Notes on Tropical Plants
This site contains some information on tropical plants — particularly
the plants we use for food — and what makes them different from the
plants that people are used to seeing in colder, temperate climates
like continental North America. These pages were written to
support students using the Kahihi webquests and
will hopefully be of general interest.
Climate conditions range along a continuous spectrum, and there is no
absolute division between temperate zones and “the tropics,” but it is
still useful to think about some of the differences between regions
with agreeable weather year-round and those with seasonal extremes.
First off, here’s a list of tropical and
temperate foodplants, so you can see some of the plants which are
often grown in the different regions. Just as there is no firm
dividing line between tropical and temperate zones, these two groups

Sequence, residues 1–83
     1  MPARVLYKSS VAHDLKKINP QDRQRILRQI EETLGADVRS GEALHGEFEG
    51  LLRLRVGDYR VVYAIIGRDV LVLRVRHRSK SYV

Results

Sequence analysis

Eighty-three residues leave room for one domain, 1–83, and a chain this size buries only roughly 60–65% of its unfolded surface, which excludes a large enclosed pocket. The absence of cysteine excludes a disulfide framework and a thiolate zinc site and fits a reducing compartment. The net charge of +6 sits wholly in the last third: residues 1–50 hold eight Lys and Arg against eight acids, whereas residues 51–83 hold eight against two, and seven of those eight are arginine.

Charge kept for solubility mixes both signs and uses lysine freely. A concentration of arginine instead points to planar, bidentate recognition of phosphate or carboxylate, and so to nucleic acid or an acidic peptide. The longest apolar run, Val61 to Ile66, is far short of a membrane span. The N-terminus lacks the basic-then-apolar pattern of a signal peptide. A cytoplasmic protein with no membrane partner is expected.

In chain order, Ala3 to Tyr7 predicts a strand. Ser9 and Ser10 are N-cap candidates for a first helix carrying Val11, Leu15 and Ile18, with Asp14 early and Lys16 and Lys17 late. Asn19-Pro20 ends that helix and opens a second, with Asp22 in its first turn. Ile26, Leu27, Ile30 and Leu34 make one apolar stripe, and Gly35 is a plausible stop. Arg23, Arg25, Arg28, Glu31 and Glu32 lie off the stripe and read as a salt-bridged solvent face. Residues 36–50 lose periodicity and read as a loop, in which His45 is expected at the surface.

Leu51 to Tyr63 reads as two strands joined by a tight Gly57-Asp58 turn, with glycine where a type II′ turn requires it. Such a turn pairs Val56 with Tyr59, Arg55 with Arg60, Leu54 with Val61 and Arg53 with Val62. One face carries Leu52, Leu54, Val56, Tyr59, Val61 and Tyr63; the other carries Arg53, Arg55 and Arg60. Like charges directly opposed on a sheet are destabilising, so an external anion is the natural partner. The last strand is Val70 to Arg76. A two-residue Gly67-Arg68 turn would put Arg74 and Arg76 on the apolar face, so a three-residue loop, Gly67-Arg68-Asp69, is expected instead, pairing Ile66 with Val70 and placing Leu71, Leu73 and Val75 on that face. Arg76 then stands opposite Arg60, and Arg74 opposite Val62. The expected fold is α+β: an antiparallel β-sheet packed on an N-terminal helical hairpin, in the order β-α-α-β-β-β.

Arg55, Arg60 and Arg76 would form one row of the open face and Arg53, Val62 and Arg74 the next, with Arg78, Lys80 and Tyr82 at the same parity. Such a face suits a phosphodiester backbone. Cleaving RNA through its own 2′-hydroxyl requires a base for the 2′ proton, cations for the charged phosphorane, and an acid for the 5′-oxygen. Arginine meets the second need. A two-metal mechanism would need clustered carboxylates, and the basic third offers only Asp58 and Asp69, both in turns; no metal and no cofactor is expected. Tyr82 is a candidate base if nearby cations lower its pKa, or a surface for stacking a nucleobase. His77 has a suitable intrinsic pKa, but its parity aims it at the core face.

aren’t really as sharply divided as the list suggests. Many
plants can be grown in more than one region. You’re more likely
to find a “temperate” crop being grown in the tropics than the other
way around, because some of the tropical crops don’t survive in cold
A good example of this is the group of plants known as the monocots, which includes most of the
world’s staple crops. You might have noticed on the list of
plants that the temperate monocot crops are mostly grains, while the
tropics has much greater monocot
The list also shows how plants are propagated. People familiar
grain-based agricultural traditions of seed-planting are often
to find that there are other “cultures”
of growing plants. I have pulled together some information
on growing Hawaiian plants, which
illustrates the diversity of techniques, and particularly the
vegetative propagation in the tropical Pacific.
Although the diversity of Pacific crops has been overlooked by the
continental nutritionists who put together the USDA Food Pyramid, there
is an alternative food pyramid
which works much better for Hawai‘i and the Pacific.
I hope you find these pages useful! Please contact me if you think there
is anything I should change or add.
updated 6 December 2010
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